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After a frustrating wait through foggy un-flyable weather, Austin from Sportsman’s Air got us into the mountains, dropping myself, John Govi, and Joel Griffith at a picture perfect marine blue lake. First step: Up the Nagishlamina.

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We were immediately engulfed in alders. Crashing, stumbling, kneeling, snagging; bear tunnels offered the only route through the low jungle. Emerging onto open moraine, we detoured around the green, following small dirt hills surrounding azure ponds.

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After one last brutal alder bash, our first camp came on a ridge of soft gray lichen. Upstream, a wide valley led to the next glacier, the next moraine, and our next real test.

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Arctic pack rafting into the midnight sun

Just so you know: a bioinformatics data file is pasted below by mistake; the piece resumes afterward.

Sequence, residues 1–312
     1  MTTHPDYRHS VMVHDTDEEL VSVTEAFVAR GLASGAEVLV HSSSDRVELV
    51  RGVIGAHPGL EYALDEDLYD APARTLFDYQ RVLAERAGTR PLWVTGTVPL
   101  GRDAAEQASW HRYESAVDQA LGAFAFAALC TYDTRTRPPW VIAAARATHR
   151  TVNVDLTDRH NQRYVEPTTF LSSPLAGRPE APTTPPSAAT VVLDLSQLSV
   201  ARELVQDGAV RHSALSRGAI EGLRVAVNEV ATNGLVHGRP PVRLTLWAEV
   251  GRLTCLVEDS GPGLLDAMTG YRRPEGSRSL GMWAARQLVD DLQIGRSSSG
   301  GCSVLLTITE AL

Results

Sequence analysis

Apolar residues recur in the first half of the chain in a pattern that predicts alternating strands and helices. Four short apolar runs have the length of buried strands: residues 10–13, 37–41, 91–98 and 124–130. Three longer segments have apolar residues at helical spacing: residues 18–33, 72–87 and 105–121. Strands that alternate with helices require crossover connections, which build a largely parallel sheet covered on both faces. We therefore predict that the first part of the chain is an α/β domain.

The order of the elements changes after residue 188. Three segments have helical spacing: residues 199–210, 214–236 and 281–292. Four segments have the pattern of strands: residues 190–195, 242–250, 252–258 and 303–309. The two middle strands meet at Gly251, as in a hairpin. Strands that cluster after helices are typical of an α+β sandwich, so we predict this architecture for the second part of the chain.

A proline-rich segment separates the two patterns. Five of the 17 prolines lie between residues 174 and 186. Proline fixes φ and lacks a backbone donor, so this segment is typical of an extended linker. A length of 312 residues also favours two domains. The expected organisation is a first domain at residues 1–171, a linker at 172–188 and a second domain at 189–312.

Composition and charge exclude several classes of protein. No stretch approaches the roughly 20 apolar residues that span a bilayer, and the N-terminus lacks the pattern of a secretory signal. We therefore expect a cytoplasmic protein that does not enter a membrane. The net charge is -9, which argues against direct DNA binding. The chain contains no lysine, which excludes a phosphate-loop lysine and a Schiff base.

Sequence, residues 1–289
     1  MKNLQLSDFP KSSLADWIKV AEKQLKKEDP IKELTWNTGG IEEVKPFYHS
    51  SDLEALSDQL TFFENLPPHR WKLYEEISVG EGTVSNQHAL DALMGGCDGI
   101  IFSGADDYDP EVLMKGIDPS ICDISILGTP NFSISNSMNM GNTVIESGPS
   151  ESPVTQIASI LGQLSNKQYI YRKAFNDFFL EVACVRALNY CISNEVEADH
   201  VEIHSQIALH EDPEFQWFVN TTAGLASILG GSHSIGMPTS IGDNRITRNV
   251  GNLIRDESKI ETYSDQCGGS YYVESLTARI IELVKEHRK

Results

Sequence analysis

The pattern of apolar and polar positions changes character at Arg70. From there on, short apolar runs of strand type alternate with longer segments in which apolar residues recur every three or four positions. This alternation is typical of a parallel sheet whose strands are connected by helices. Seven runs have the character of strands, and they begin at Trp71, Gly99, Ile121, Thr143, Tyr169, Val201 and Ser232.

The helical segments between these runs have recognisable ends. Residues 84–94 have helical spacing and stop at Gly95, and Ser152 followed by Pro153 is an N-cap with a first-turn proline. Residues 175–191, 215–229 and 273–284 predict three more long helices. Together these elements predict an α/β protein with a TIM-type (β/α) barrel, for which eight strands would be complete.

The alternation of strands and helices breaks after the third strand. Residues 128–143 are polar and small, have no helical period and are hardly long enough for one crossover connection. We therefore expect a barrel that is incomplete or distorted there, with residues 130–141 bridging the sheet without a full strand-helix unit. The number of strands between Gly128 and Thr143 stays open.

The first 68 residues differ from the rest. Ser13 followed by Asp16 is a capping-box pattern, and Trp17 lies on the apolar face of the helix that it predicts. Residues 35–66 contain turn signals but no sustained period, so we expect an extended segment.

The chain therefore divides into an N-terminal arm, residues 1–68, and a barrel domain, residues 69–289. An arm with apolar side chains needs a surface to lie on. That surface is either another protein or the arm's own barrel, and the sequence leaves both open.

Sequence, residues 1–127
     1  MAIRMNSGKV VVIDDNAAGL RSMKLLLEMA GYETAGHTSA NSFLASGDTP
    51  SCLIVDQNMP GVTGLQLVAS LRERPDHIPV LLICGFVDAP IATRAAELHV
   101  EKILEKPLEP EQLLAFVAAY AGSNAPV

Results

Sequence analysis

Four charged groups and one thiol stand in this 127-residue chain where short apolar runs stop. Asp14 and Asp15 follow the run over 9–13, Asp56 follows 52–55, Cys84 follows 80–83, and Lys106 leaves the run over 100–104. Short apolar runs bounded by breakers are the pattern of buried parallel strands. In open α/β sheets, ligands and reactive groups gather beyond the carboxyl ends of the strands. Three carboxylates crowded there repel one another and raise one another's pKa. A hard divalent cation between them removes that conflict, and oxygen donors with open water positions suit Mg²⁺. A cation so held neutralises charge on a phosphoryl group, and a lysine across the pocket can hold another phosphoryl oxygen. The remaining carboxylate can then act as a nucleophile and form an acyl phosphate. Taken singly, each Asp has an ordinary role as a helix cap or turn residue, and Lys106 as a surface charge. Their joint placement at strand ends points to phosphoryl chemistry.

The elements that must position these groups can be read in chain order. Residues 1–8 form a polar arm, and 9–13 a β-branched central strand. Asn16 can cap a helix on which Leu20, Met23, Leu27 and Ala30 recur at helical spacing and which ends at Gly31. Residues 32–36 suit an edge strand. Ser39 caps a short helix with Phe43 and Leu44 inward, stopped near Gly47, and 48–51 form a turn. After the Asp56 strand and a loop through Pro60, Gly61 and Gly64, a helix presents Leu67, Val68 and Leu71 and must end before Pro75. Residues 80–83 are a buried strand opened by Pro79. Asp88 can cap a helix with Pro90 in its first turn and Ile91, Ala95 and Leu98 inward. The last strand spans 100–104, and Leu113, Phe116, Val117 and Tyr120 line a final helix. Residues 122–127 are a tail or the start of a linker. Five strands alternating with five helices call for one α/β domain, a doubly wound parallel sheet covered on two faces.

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A morning mist brought calm. We paddled, even drifted, through the gray, ever wary of the returning wind. But the big blow, four days of relentless, viscous gale, was finally over.

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The mouth of the river came slowly, an ever decreasing current sliding along overhanging banks of tundra. A permafrost lens looked like a layer of geology beneath a thick mat of soil. But this formation was ice, and beneath it, mud glopped down the bank in sloppy strings of brown. The tundra overhung like a cornice of wet snow curling off a rooftop.